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New Zealand canned wine exports expected to grow by millions of dollars as Wairarapa winemakers expand to the United States

Joiy Wines exports its canned wines to the United States after being approached by Wholefoods.


Joiy Wines exports its canned wines to the United States after being approached by Wholefoods.

One of New Zealand’s largest canned wine exporters has launched a multi-million dollar expansion in North America as its share of the global small-format wine market grows.

Joiy Wines, the first local winemaker to export canned wine, now produces more than 700,000 cans for five markets around the world each year.

The company is on track to double its annual sales volume this year and is now Canada’s best-selling canned wine, the world’s largest buyer of alcohol and one of nine countries where the government operates sales. retail alcohol as a monopoly.

Joiy Wines’ arrival in the US market follows the brand’s approach by the $ 16 billion Wholefoods store chain, following a victory in a major canned wine competition.

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Cath Hopkin, co-founder of Joiy Wines, said the wine industry can be a threat to many and has struggled to attract an emerging millennial clientele.

Their goal has been to put top-of-the-range wines in small-format packaging.

“Originally we could see that the spirits and beer categories were thriving in small format and yet the wine was nowhere to be found,” she said.

Joiy Wines co-founders Chris Archer and Cath Hopkin.


Joiy Wines co-founders Chris Archer and Cath Hopkin.

“So we saw an opportunity to specialize in this category and moved our entire product line to cans. “

The international canned wine market is growing at a rate of 13% per year and is expected to reach more than 807 million dollars by 2028. In contrast, the category of bottled wines is stagnating with a growth rate of 4%.

But the wine industry has struggled to attract millennials, and small-format options are increasingly seen as a mechanism to deliver a more portable, environmentally friendly, and portion-controlled product for this concerned segment. of his health.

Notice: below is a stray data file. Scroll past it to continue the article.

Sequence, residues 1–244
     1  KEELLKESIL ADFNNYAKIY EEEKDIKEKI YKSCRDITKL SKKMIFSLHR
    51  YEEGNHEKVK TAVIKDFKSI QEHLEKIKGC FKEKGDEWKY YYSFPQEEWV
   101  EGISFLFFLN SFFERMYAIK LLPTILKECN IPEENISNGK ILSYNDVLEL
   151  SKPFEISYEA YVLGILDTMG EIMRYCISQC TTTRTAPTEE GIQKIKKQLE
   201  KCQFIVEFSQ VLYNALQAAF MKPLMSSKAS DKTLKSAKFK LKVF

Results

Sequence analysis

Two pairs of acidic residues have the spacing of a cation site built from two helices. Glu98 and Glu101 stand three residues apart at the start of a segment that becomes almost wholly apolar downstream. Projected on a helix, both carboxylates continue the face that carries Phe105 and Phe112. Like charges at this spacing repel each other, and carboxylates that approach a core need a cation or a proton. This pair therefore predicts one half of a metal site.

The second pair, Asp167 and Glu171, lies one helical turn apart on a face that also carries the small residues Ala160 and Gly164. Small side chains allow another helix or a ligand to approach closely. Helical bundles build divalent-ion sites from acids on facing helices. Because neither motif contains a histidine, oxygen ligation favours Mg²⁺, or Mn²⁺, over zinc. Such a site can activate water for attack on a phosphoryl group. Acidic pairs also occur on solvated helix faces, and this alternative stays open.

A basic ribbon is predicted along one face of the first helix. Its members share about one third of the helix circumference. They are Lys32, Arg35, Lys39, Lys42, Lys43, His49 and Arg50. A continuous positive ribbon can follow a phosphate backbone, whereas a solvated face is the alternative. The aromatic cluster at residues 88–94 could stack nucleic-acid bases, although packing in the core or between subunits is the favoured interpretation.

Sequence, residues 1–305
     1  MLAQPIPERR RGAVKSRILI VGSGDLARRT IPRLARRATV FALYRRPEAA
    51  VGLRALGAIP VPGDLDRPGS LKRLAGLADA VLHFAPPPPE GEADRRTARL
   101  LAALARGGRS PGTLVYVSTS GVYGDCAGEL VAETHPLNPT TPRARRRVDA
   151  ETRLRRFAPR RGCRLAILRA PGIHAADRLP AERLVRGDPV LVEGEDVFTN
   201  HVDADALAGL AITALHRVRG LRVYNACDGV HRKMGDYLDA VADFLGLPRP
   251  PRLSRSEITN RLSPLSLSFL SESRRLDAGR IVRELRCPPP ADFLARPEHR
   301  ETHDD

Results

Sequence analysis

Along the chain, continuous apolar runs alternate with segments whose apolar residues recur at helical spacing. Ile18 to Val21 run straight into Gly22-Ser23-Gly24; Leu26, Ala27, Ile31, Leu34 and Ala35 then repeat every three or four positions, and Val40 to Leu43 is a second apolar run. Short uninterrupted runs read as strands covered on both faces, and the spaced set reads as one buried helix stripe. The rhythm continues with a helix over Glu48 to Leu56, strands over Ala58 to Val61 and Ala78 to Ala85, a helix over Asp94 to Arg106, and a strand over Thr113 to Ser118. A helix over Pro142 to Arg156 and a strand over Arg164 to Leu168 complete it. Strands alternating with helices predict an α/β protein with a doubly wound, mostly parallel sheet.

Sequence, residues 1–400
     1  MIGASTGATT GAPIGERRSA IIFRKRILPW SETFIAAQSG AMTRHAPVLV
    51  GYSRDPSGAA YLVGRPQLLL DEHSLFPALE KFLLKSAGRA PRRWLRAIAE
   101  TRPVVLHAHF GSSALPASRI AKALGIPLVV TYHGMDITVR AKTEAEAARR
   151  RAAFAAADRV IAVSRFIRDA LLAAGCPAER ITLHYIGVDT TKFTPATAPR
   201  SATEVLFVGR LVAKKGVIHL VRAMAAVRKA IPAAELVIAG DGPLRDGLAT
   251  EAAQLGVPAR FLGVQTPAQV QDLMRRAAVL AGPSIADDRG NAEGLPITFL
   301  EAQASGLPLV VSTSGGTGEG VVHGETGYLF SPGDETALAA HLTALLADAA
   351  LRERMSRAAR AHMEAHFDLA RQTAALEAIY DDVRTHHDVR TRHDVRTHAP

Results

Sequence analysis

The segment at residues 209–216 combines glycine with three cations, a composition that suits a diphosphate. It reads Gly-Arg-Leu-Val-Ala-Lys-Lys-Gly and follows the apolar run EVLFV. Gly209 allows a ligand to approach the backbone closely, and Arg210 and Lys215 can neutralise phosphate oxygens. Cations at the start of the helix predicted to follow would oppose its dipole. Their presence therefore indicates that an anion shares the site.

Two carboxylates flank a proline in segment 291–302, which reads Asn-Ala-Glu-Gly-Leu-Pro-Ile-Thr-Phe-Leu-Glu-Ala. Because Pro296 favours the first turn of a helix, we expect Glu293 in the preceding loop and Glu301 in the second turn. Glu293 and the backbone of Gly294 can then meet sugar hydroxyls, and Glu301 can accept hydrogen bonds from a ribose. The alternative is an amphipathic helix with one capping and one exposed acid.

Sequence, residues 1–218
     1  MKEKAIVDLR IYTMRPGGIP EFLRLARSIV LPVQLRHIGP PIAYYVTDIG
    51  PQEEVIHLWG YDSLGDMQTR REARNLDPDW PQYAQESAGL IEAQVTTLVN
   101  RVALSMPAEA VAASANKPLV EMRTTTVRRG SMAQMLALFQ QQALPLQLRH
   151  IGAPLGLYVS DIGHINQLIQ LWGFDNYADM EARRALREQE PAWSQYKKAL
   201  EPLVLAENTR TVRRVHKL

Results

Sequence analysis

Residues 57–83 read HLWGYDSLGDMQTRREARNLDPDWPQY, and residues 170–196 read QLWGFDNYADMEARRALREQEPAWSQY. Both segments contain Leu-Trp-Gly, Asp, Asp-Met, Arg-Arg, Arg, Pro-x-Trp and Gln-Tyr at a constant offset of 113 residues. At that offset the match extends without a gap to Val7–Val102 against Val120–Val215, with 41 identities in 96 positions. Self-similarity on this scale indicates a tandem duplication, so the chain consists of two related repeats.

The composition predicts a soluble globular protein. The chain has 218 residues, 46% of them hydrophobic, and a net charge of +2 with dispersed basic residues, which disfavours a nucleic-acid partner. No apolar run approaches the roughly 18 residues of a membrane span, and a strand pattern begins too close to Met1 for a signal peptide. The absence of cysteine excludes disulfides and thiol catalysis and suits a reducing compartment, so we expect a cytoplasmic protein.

“Domestic and export demand is now there, and we see small format wines resonating strongly with millennials as well as our primary target demographic aged 35 and over who choose these products for a range of reasons. convenience and health – such as portion control, reducing alcohol, sugar and calories, ”Hopkin said.

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“In addition to providing a vessel that connects with consumers from a design standpoint, the development of canned wines has allowed us to address a number of shortcomings in the bottled wine format – including challenges associated with it. the heavier shipping weight and the brittleness of the glass.

“The technology we use has now advanced to the point that the can liner protects premium wine better than glass, preventing light hits and allowing us to produce a stable product for four years – a significant competitive advantage. for us in the international market.

Chris Archer, winemaker and co-founder of Joiy Wines, said that when they first came up with the idea of ​​producing canned wine, they first encountered a lot of resistance from the industry. local winery.

“Today it is much more recognized that the level of innovation that we are introducing is the way forward for New Zealand wine.”

Archer said the successful entry into the U.S. market would put pressure on an already limited local supply of grapes, with projections suggesting their production volumes could increase tenfold overnight.

The duo’s latest innovation is a line of seltzer water along with their canned wine cocktail Mimosa, which are already registered with the world’s largest buyer of alcohol, the LCBO in Canada.

Hopkin says their original sparkling white and Roses have held a number one position there for four years.

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